In order for these markers to be used in a tracking system multiple markers must be used and configured in a unique geometric pattern. Each unique pattern and associated markers are affixed to an object that needs to be tracked. This allows the tracking system to identify and track objects using multiple markers. Using multiple markers to construct a pattern has several disadvantages. The first disadvantage is that the size of the pattern will increase the footprint of the tracked object which could affect its usefulness. The second disadvantage is that since there is a large marker pattern associated with a tracked device, the ergonomic design of the device will be impacted. The final disadvantage is that the accuracy of detecting the position and orientation of a tracked object can be degraded. The accuracy of a tracked object is related to the accuracy in detecting the markers that are associated with it and the geometry of the pattern. Each marker has an associated error and when multiple markers are used this error can be compounded and magnified by the pattern's geometry.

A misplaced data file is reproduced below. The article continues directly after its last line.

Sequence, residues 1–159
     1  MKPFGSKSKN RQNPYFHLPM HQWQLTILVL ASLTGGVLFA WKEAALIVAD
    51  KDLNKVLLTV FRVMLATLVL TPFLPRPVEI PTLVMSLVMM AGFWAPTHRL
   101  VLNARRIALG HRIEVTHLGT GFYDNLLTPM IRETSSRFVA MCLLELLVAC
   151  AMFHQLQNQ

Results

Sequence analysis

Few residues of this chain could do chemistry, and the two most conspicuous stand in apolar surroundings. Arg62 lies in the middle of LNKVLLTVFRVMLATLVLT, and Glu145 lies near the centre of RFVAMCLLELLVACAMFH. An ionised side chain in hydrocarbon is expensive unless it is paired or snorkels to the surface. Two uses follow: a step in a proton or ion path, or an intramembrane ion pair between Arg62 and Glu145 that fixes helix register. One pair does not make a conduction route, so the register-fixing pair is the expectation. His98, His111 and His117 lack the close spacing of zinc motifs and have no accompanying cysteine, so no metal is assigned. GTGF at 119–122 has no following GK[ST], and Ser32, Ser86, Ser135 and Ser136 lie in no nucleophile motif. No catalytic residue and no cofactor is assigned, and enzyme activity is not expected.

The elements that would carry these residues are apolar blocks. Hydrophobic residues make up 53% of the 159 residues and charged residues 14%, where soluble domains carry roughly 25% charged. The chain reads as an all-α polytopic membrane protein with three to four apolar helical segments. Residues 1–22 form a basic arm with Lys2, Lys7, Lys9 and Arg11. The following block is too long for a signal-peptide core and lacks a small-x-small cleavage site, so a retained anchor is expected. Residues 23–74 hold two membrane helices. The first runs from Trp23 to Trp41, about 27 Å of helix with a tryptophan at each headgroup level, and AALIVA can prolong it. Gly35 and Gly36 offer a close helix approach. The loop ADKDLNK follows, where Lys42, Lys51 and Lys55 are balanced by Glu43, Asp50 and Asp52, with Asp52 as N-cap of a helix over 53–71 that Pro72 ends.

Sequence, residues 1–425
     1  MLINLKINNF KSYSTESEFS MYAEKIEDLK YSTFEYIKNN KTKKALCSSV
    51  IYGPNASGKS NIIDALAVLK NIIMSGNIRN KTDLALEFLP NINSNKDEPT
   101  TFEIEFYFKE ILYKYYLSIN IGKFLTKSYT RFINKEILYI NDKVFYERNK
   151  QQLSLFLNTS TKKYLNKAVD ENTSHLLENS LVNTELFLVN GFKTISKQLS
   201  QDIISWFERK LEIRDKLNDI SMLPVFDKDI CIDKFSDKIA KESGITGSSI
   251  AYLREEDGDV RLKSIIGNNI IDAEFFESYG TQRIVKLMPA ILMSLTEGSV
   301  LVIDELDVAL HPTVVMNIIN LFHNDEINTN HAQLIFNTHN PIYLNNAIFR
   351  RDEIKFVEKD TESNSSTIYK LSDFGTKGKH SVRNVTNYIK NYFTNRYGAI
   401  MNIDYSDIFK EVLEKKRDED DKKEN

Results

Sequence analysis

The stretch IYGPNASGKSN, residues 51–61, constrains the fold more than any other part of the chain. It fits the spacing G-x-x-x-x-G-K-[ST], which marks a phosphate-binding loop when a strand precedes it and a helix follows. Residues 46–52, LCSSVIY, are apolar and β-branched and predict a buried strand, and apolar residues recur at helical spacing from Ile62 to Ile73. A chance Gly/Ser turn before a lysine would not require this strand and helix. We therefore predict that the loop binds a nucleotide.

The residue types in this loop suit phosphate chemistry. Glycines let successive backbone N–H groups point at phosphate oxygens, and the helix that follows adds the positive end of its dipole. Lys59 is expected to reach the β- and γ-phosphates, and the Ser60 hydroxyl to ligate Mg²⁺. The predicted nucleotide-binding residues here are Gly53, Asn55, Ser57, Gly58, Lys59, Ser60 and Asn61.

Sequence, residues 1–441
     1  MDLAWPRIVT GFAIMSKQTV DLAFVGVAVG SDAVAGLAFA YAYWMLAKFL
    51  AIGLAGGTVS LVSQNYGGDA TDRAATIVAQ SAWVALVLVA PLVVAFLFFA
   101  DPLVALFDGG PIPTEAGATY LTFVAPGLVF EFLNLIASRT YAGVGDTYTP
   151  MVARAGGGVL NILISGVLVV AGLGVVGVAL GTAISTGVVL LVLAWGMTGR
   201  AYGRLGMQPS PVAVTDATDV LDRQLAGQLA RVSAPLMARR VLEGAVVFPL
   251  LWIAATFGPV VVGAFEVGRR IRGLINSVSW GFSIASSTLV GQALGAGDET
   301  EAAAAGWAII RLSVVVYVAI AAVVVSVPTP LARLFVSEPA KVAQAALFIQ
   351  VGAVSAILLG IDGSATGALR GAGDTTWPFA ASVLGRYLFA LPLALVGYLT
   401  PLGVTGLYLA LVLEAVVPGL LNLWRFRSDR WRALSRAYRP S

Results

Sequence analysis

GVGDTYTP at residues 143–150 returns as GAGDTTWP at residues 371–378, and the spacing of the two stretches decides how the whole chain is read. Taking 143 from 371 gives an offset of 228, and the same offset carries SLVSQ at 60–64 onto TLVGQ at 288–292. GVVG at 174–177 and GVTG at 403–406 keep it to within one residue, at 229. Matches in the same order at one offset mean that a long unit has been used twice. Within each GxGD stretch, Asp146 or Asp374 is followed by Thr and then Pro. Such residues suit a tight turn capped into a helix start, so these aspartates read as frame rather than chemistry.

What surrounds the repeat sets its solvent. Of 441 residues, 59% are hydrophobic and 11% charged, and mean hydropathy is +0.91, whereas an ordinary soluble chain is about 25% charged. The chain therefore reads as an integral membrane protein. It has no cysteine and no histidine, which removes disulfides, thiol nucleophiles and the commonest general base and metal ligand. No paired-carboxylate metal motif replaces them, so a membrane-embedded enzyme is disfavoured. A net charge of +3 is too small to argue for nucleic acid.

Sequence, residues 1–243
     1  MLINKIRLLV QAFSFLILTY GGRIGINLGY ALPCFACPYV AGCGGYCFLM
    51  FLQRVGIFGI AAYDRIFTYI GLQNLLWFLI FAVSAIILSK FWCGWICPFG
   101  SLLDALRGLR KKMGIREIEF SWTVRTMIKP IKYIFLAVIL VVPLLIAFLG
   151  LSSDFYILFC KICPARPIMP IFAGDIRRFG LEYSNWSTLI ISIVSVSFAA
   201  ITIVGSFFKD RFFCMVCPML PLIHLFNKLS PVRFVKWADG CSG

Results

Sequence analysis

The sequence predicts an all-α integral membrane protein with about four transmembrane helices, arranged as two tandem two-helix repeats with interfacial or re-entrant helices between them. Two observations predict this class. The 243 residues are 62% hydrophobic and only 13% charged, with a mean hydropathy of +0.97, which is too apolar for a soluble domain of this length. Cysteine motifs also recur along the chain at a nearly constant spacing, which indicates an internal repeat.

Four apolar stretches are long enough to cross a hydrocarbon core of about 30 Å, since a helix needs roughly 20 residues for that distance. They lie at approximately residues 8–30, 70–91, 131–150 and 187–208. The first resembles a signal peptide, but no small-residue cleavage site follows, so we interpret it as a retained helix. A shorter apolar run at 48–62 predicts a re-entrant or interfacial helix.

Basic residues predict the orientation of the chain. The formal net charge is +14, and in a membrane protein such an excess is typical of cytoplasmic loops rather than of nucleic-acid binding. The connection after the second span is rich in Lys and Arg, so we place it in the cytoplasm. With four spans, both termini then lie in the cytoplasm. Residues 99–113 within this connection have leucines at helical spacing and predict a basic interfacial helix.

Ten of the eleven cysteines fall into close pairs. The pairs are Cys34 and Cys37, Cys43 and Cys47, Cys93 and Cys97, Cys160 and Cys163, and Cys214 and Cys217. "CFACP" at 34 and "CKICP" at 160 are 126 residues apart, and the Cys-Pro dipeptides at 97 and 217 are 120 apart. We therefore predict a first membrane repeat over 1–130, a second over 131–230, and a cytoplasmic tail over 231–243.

SUMMARY OF THE INVENTION

It is one object of the invention to provide an imaging system which provides visual encoding of the markers.

According to a first aspect of the invention there is provided a imaging system comprising:

a plurality of markers;

a camera system for detecting visible light including at least one camera with a detector array for detecting light in a field of view and providing an output responsive thereto;

a processor arranged to analyze the output;

wherein each of the marker includes a pattern thereon which is detectable by the detector array to be analyzed by the processor;

wherein the pattern includes first components arranged such that the processor is able to detect a specific location in three dimensions on the marker; and

wherein the pattern on each of the markers includes second components different from other markers of the system arranged to provide an encoding such that the processor is able to distinguish each marker from the other markers.

There are many techniques and methods to visually encode the marker.

1. A simple solution is to use a series of different sized curved line segments around a checkerboard marker (see picture Example Marker Complex Patterns). Based on the length and number of the line segments, the marker is encoded. To obtain rotational information of a circular marker one point on the ring containing the line segments will be labelled to be the origin of the marker. To enhance the rotational information of a marker, the marker can be elongated with the thinnest point of the elongated side being designated as the origin (Example Marker Complex Patterns—Isometric View or Ellipsoidal).